Scouting Report: Trevor Story
The trade of Rockies shortstop Troy Tulowitzki may have opened the door for a young prospect infielder like Trevor Story. Maybe not as a starter, but perhaps as a utility player if the infield roster features new faces next season.
The incumbent shortstop is now Jose Reyes, but Reyes has expressed a desire to play on a championship team. The Rockies may listen to overtures to lure Reyes from Colorado.
The Rockies selected Story out of Irving (Texas) High School as a supplemental first-round pick in the 2011 Draft after he hit over .400 in his senior year.
Story is a well-proportioned, 6-foot-1, 180 pounds. A right-handed hitter, Story is skilled both offensively and defensively. He is capable of playing shortstop, second base and third base, and his versatility makes him an attractive player.
Story is No. 11 on the Rockies Top 30 Prospects list.
I scouted Story in the 2014 Arizona Fall League and came away very impressed with his hustle, his energy and his game presence. In short, he gets his uniform dirty and gives maximum effort.
Last autumn, he hit .256 playing for Salt River in the AFL, but it wasn't his batting average that impressed scouts. He showed he had the tools to play baseball at the highest level.
This year was his best regarding power hitting. He hit 20 home runs combined at Double-A New Britain (10) and Triple-A Albuquerque (10). He also knocked in 80 runs, by far the most in his career and his power should continue to develop.
This season, Story improved greatly against right-handed pitching. Success against righties had been an issue for him before this year.
Still a streaky hitter, Story struggles to make contact at times. But he has the type of outstanding bat speed that allows him to hit pitches to all fields and is especially sound when a pitcher makes a mistake.
Story can make all the plays in the infield. His range is good due to his quick feet and good reactions. Getting to the ball quickly allows him to set his feet and get off consistently strong, accurate throws.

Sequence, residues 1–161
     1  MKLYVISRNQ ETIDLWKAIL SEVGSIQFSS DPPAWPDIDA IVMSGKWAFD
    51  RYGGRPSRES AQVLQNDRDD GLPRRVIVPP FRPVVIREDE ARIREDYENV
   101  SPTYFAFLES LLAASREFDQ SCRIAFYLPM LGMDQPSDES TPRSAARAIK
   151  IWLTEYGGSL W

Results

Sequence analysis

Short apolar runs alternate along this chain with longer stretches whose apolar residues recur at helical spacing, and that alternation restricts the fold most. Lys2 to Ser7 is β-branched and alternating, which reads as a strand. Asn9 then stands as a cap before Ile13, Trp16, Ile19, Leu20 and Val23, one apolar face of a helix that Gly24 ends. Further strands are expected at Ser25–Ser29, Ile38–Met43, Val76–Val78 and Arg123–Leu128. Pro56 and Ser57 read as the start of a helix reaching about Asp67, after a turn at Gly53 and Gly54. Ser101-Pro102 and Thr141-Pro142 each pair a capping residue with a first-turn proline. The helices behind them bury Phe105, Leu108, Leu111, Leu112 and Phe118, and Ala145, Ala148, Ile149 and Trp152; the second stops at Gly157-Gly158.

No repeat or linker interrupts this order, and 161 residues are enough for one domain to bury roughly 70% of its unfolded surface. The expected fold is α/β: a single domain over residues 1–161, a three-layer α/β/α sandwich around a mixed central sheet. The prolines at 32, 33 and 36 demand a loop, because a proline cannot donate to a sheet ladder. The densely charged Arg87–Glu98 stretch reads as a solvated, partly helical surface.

Story is the type of player that has an average skill set without any outstanding or more advanced tools. When he keeps within his abilities and recognizes pitches, he succeeds. Story is a work in progress.
Story runs well. He can steal double-digit bases by using good technique and wisely selecting his spots to run.
Story has a strong and accurate arm from all infield positions. As a good athlete, he could likely play outfield positions as well.
Inconsistent contact has plagued Story since he began his career. If he can recognize pitches such as sliders down and away, he will improve his overall batting average.
Story has to be careful not to lengthen his swing in an overly aggressive manner. The more he presses, the longer his swing becomes. A more measured swing on a consistent basis will allow him to better take advantage of his bat speed.
I find this interesting
Story spent some time pitching in high school. He hit a very impressive 96 mph in a showcase event.
The future for Story
Story is a player on the rise. He's still only 22. It's very natural that he would have been aggressive and had some holes in his swing in his early Minor League days. Recognizing pitches quickly is not something that should be expected immediately from a young player out of high school.
Story appears to still have room to grow as a player. While he still strikes out, his power is improving. His walk rate is improving. He is maturing and developing his skills.
It is quite possible Story could assume a significant role with the Rockies as soon as the 2016 season. He has the skills to help as a starter or as a utility player capable of playing multiple positions.
Story in a word